"Helping your child master these simple rules of etiquette will get him noticed -- for all the right reasons." -By David Lowry, Ph.D.
As a parent I am torn between when I should correct my children, or when to just "let it go". Have you ever been there? My philosophy is to correct the correctable...like manners, character, and discipline of mind, body, and thought. This can seem to be an overwhelming task at times, so when I find great practical advice I like to share it with those around me. I hope you find some of these to be helpful.
Your children may not even realize that how they are behaving is wrong or rude. Many times the behavior that they are displaying isn't even intentional. Sometimes kids just don't realize it's impolite to interrupt, pick their nose, or loudly observe another persons physical features.
In the hustle and bustle of daily life, busy moms and dads don't always have the time to focus on etiquette. I do find these 25 must have manners to be important not just for my children, but for me as well.
Manner #1: When asking for something, say "Please."
Manner #2: When receiving something, say "Thank you."
Manner #3: Do not interrupt another conversation in progress unless there is an emergency. They will notice you and respond when they are finished talking.
Manner #4: If you do need to get somebody's attention right away, the phrase "excuse me" is the most polite way for you to enter the conversation.
Manner #5: When you have any doubt about doing something, ask permission first. It can save you from many hours of grief later.
Manner #6: The world is not interested in what you dislike. Keep negative opinions to yourself, or between you and your close friends, and out of earshot of others.
Manner #7: Do not comment on other people's physical characteristics unless, of course, it's to compliment them, which is always welcome.
Manner #8: When people ask you how you are, tell them and then ask them how they are.
Manner #9: When you have spent time at a friend's house, remember to thank them for having you over and for the good time you had.
Manner #10: Knock on closed doors -- and wait to see if there's a response -- before entering.
Manner #11: When you make a phone call, introduce yourself first and then ask if you can speak with the person you are calling.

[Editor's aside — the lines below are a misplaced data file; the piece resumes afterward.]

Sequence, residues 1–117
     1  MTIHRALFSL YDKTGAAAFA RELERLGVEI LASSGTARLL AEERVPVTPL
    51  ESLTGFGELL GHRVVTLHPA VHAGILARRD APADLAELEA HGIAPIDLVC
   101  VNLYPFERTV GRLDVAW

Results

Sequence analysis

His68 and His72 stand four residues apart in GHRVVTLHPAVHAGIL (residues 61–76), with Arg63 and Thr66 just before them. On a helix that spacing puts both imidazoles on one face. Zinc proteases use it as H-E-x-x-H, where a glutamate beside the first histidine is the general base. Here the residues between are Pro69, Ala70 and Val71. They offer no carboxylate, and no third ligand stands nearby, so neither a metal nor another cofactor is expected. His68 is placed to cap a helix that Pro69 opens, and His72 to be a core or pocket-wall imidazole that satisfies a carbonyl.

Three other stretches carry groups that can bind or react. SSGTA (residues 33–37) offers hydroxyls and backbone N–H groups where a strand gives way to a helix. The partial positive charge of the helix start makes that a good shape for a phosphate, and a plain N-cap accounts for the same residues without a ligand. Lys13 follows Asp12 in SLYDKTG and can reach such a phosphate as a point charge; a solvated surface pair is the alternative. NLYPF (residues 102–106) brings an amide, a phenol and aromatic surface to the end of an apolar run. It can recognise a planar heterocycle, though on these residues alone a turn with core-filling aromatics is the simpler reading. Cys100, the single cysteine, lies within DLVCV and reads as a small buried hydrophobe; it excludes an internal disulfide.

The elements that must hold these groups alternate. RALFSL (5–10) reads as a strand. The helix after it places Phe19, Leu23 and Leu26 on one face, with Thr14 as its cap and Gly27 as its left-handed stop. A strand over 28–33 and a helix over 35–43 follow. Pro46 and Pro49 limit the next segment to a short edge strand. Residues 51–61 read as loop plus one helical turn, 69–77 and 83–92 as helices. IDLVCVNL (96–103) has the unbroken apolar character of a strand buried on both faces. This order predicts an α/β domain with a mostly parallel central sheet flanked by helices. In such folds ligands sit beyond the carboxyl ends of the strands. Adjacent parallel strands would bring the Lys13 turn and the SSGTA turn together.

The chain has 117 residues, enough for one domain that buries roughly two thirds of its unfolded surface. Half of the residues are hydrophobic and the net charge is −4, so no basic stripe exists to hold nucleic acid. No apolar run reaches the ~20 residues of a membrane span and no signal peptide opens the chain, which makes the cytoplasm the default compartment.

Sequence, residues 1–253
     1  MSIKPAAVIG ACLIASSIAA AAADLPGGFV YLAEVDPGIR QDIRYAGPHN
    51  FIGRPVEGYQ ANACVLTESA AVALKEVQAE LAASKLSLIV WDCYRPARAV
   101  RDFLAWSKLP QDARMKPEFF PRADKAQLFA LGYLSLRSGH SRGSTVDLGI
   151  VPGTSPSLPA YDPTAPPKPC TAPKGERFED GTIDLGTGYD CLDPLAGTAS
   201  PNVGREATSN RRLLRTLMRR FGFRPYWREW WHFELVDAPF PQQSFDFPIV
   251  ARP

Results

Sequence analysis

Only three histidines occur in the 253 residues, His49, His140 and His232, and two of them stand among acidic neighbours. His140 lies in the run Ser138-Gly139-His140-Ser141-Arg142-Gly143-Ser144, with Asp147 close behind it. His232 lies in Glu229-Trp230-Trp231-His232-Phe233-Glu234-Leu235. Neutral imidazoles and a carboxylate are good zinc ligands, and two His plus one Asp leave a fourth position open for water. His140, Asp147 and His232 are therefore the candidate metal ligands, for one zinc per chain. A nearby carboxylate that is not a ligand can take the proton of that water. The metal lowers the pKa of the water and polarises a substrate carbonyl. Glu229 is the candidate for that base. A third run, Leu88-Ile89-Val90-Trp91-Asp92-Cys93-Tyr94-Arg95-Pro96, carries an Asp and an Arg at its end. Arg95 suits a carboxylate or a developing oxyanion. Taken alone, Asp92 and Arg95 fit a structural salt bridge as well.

Manner #12: Be appreciative and say "thank you" for any gift you receive. In the age of e-mail, a handwritten thank-you note can have a powerful effect.
Manner #13: Never use foul language. People already know all those words, and they find them boring and unpleasant.
Manner #14: Don't call people mean names.
Manner #15: Do not make fun of anyone for any reason. Teasing shows others you are weak, and ganging up on someone else is cruel.
Manner #16: Even if a play or an assembly is boring, sit through it quietly and work on being interested. The performers and presenters are doing their best.
Manner #17: If you bump into somebody, immediately say "Excuse me."
Manner #18: Cover your mouth when you cough or sneeze, and don't pick your nose in public.
Manner #19: As you walk through a door, look to see if you can hold it open for someone else.
Manner #20: If you come across someone working on something, ask if you can help. If they say "yes," do so -- you may learn something new.
Manner #21: When someone asks you for a favor or for help, do it without grumbling and with a smile.
Manner #22: When someone helps you, say "thank you." That person will likely want to help you again.
Manner #23: Use eating utensils properly and do not talk with food in your mouth. If you are unsure of which fork or spoon to use, watch what the others are doing around you.
Manner #24: Keep a napkin on your lap; use it to wipe your mouth when necessary.
Manner #25: Don't reach for things at the table; ask to have them passed.
**Originally published in the March 2011 issue of Parents magazine**
~Peace & Blessings~